When I read a recent account in The Cut recalling an incident with Joe Biden that made a young woman extremely uncomfortable, I wasn’t at all surprised. Biden has a history of “over-affectionate” acts that, while probably well-intentioned, have seriously creeped out those on the receiving end. The photo record on this is unmistakable, and women continued to come forward with stories of the discomfort they’ve felt from his gestures—though Stephanie Carter has said she felt the opposite.
There have been many takes on this issue, and I think one of the most thoughtful has come from Emily Jashinsky at The Federalist, a popular conservative online magazine, who argues that “the question of whether Biden’s behavior is wrong and the question of whether it’s disqualifying” are two completely different issues.
I’ll admit that before this latest exposure of the issue, it wasn’t one of the main reasons I didn’t want Joe Biden to get the Democratic nomination. But now, I acknowledge that my thinking needs to change, and I recognize that this ongoing issue might indeed be disqualifying for him, as stated by his recent accuser, Lucy Flores.
My other major reason for wanting Biden to keep his hat out of the ring is highly related to these incidents, though, so I want to lay out my thinking.
First, let me acknowledge that Vice-President Biden comes across to me as a caring and empathetic person, who’s dedicated his life to public service, and who should be admired for many reasons. His 2015 interview with Stephen Colbert on the Late Show really solidified this image in my and many others’ heads.
But Joe Biden has a blind spot. He’s an excellent example of the fact that when one has privilege, it’s so difficult to step outside of it and understand the experiences of those without it. As a straight, white man—a status that he and I share—Biden lives at the apex of basically all the convergent privileges that blind us to the plight of others. And in this case he has failed to understand the fraught dynamics that exist between powerful men and the women in their orbits.
While I’m willing to extend him the benefit of the doubt that he’s never intended to take advantage of his positions of power to target women for sexual predation, Biden does not seem to understand the experience of so many women who are forced to fend off flirtations from men on a regular basis, often in highly inappropriate circumstances. Only with the advent of social media do men finally get a consistent window into these experiences for women, with the message that this is not okay. But people have been commenting on Biden’s behavior for years, and it never seemed so sink in with him that his affectionate touch was crossing a line.
Onto my reason for preferring that Biden not be the 2020 Democratic nominee. It may seem offensive to some, at first blush, that my major reason is that he’s a straight, white man. Indeed, it’s not just those who lament the rise of “identity politics” who disagree with me on this. Plenty of progressive Democrats argue that it should purely be the best candidate, who perhaps is the most electable, who should get the party nod. Many of them, of course, support Bernie Sanders for the Oval Office.
But there are multiple reasons why demographics should be an actual factor in our choice for president. We absolutely need to have our leadership reflect the country it serves, and after 230 years of (ostensibly) straight, almost-exclusively white men, my preference is that we don’t have yet another in 2020.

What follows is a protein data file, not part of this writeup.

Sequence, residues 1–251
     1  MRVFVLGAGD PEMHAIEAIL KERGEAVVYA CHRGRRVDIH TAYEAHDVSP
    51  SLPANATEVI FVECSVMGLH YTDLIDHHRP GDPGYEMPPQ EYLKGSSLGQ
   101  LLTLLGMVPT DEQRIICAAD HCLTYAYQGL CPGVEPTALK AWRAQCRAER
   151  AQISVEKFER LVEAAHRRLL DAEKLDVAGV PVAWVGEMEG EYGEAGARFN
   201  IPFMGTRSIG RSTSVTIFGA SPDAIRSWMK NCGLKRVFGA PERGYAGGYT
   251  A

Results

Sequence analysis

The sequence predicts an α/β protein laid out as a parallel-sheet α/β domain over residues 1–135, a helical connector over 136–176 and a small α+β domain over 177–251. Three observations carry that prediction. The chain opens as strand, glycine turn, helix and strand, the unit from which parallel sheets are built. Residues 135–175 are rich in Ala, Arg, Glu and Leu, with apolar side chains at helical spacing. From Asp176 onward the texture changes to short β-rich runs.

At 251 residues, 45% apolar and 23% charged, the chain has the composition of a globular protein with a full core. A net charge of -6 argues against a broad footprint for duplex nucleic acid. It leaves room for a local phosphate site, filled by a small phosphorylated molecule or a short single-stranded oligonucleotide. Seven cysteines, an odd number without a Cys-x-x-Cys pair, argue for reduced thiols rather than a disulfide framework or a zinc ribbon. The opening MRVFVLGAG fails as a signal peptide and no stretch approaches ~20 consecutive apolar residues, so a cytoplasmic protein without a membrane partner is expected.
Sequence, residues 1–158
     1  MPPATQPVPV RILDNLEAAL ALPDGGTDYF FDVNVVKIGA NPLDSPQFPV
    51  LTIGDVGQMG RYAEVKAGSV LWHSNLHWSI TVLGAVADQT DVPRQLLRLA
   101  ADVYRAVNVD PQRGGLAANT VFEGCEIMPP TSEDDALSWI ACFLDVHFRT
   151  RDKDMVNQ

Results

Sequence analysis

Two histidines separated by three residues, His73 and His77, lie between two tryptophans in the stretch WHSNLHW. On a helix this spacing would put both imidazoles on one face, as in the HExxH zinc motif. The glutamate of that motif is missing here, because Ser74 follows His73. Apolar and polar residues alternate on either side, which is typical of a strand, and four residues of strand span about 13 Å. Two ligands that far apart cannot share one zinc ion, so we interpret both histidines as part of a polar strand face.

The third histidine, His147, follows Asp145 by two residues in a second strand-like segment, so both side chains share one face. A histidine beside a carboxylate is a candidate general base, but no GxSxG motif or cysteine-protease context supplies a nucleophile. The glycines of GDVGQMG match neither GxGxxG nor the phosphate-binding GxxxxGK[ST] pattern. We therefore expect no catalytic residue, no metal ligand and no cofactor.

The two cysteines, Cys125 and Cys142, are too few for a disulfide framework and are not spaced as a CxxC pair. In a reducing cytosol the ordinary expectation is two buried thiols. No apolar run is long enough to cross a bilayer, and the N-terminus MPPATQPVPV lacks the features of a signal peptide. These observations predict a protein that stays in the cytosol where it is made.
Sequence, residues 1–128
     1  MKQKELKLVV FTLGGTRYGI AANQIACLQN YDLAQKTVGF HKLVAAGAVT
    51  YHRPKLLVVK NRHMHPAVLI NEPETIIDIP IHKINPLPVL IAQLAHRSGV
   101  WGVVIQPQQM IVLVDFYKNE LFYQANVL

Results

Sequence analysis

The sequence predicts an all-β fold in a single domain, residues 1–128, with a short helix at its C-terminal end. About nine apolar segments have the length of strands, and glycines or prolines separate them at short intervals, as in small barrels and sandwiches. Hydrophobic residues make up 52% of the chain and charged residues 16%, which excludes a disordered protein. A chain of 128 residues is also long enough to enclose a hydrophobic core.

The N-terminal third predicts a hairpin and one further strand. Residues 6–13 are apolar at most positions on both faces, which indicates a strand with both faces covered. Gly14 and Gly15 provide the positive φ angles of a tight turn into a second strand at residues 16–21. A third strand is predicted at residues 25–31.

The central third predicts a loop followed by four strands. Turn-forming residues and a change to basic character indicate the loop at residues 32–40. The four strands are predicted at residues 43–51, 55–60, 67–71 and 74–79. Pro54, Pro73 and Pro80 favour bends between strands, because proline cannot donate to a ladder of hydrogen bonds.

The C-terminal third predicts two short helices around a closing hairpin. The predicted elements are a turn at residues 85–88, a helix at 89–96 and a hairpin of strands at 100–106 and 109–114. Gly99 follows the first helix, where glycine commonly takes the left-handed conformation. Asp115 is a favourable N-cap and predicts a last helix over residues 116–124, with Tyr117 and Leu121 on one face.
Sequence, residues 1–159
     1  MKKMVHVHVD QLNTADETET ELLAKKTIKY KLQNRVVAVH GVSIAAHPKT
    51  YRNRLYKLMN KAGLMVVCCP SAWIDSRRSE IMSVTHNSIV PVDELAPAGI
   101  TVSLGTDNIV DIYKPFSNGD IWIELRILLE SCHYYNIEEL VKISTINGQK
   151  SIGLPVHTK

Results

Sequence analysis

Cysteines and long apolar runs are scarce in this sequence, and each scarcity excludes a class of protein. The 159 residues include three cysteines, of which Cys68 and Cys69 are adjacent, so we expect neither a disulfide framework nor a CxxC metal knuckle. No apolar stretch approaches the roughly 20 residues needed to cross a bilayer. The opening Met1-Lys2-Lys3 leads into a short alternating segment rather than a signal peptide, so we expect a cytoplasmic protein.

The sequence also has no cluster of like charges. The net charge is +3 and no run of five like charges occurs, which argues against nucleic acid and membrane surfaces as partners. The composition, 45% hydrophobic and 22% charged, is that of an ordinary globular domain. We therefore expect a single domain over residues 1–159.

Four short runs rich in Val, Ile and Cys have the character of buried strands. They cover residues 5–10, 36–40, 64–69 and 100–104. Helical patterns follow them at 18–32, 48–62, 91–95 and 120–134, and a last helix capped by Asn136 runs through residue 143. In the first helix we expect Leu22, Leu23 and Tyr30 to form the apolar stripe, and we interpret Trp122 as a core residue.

Not only does diversity within the office help to engender the variety of experience we need for the role, but it also sends a powerful message about the opportunity for those who don’t look like Joe Biden or Donald Trump to be able to aspire to the highest office. It’s about time that everyone recognize that the “leader of the free world” can be a woman as well.
Better Angels fully recognizes that a leadership that doesn’t reflect those who it purports to represent has much less claim on legitimacy. For this reason, the organization has striven to achieve balance at every level of leadership, and done a remarkable job, from board members, to senior leaders, down to the newest workshop organizers. And since workshop attendees are leaders in their own right, helping to bring back what they’ve learned to their own lives and communities, Better Angels is pushing to have its membership be more reflective of the country that we serve as an organization. David Blankenhorn, our president, recently sent out a plea to support this initiative to potential donors—you can still support the Reflect America campaign with a donation—because it’s so central to who we are and what we do.
I feel the same way about our country. We should be doing everything we can to inject that element of diversity into every level of our government, and all organizations for that matter. But the office of the President is particularly important. Little black girls may not yet know who their senator is, but they sure know who the president is, and sending the message that they could one day have the top job is vital to building their sense of self and empowerment.
So, Joe, I thank you for your service to this country throughout your career. But I do believe that the public office portion of that career has come to an end. Let’s let the incredibly diverse generation that followed you, or even my generation—in the form of Mayor Pete Buttigieg of South Bend, IN, a 37-year-old who, if elected, would be the first openly gay president in our history—take the torch from you, and continue the drive for a more perfect union.
Photo: Creative Commons, 2017.